While women are more visible at the 2012 Olympics than any past games, there are still cries of "sexism."
While women are more visible at the 2012 Olympics than any past games, there are still cries of “sexism.”
Reuters (“Women athletes aim to keep the spotlight post-Games“):
Hailed as the Women’s Games, the London Olympics have set new records for female participation but athletes fear that once the event comes to an end so will the interest in ladies sport yet again.
London is the first Olympics where women are competing in all 26 sports with female boxers making their debuts and the first Games where every country has female athletes with Saudi Arabia, Qatar and Brunei now on board.
International Olympic Committee (IOC) president Jacques Rogge proudly boasted that the progress at London was a major boost for gender equality, with equality and neutrality two of the most important Games values.
But women athletes, while enjoying equal billing at London, have highlighted the struggles they face outside the Olympics in generating interest in their sports from audiences and sponsors and are concerned this will happen against after the Games.
British cyclist Lizzie Armitstead used the platform provided by her silver-medal display in the road race to highlight the “overwhelming sexism” that persists in sport in salary and in media coverage.
“Sexism is a big issue in women sport – salary, media coverage, general things you have to cope with in your career. If you focus too much on that you get disheartened,” she said.
In terms of the “spotlight,” the fact of the matter is that Americans don’t care about most of the Olympic sports, male or female, except during the Olympics. That’s especially true of the Winter Games but, aside from basketball, none of the Summer sports have much of a following here except for two weeks every four years. Once upon a time, boxing, swimming, and gymnastics had some following, owing to such vehicles as ABC’s “Wide World of Sports.” Now, though, boxing has become an underground sport on pay-per-view and I don’t even know where one would turn to watch swimming or gymastics–much less skeet, archery, table tennis, badminton (seriously?), or dressage.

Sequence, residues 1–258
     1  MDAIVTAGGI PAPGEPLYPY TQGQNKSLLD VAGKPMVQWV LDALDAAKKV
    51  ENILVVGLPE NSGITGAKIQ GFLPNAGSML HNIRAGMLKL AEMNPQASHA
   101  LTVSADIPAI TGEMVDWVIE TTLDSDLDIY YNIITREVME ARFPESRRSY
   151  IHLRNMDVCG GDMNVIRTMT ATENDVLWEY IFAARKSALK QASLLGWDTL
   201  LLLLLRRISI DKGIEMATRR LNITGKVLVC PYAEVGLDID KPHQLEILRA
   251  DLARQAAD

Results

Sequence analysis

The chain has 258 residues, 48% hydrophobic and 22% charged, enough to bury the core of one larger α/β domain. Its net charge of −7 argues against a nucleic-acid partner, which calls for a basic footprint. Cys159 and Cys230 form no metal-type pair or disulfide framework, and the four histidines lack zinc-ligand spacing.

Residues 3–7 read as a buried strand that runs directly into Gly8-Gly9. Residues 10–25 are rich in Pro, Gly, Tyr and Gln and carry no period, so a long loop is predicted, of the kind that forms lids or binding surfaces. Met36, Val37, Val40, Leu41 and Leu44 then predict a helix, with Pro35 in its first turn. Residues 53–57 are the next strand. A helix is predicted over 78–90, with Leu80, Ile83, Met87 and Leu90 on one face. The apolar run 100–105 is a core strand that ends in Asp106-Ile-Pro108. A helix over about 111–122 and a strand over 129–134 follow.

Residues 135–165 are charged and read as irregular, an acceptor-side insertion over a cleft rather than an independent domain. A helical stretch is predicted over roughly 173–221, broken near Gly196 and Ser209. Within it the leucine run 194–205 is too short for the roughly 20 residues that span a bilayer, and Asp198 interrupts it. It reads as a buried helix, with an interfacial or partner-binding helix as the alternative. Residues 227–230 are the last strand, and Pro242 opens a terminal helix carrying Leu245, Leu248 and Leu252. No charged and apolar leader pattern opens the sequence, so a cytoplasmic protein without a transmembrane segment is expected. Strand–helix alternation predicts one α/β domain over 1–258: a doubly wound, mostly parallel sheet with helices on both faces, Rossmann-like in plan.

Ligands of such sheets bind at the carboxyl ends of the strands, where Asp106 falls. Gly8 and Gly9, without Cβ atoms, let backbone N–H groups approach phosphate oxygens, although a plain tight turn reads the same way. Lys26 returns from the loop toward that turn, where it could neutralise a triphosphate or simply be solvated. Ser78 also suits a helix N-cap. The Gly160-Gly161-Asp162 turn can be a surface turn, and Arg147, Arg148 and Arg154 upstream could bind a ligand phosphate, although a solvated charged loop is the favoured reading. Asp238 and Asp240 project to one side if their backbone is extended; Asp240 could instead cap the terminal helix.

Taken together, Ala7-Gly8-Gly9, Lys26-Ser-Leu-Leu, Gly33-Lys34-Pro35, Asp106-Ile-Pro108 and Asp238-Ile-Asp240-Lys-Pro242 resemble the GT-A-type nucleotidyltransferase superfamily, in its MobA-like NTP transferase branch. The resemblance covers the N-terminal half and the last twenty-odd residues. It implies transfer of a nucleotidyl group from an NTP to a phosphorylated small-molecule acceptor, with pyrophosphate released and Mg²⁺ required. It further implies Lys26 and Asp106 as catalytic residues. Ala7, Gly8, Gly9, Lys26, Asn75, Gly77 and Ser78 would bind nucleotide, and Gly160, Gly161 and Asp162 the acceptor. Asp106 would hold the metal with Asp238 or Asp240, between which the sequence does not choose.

Aside from the Olympics and the Tour de France, there’s simply no American interest in bicycle racing. And, frankly, one wonders if there’s any interest left, period, given the corruption in that sport. If Lance Armstrong’s seven Tour wins are wiped out, one suspects Americans will stop caring about the sport, period.
As to gender disparity, there’s no doubt that there’s far, far more interest in men’s sports. That’s apparent in terms of TV ratings, sponsorship dollars, and payouts. Arguably, though, the real sexism is having separate competitions for male and female athletes.
For example, the fact that Ye Shiwen actually swam one leg of a race faster than a male swimmer in winning her gold medal was cited as prima facie evidence that she had cheated. Why, then, is there even a competition to determine who the best female swimmer is? If the Olympics are about the best of the best, why even have a separate competition for those who aren’t the best?
This year, they’ve added women’s boxing. There will be a gold, silver, and bronze medal handed out in various weight classifications. Would any of the gold medal winners have even qualified for the Games if they had to compete on an equal basis with the men?
For most sports, like basketball or boxing, the women’s game is a pretty pale imitation of the men’s. Ditto track and field, where in most cases women’s gold medal times and distances wouldn’t have been competitive on the men’s side fifty years ago. It’s hardly surprising, then, that the women in those sports aren’t able to cash in to the degree their male counterparts do after the Games.
Some sports, with gymastics being the most obvious case, are simply different competitions in the men’s and women’s fields. For physiological reasons, men and women even compete on different apparatus. While some of the same skills are tested, they’re just very different sports. Further, while both have a following, female gymnastics is far, far more popular than the men’s competition. Indeed, it’s probably the most popular competition for the Summer Games most years. And a Mary Lou Retton or Shannon Miller or Carly Patterson can really cash in with an outstanding performance in the Olympic spotlight.
Oddly, the other sexism of the Olympics is the degree to which the sexual attractiveness of the female athletes is exploited to draw attention to their sports. It’s less noticeable in the Winter Games, where the weather tends to encourage athletes to cover up, although certainly the Lindsay Vonns of the world nonetheless capitalize on their looks. But in the Summer Games, every effort is made to put the women in skimpy costumes to show off their physiques. Sure, it’s warm outside and they’re engaging in vigorous activity. But the men somehow manage to cover their asses and play volleyball at the highest levels.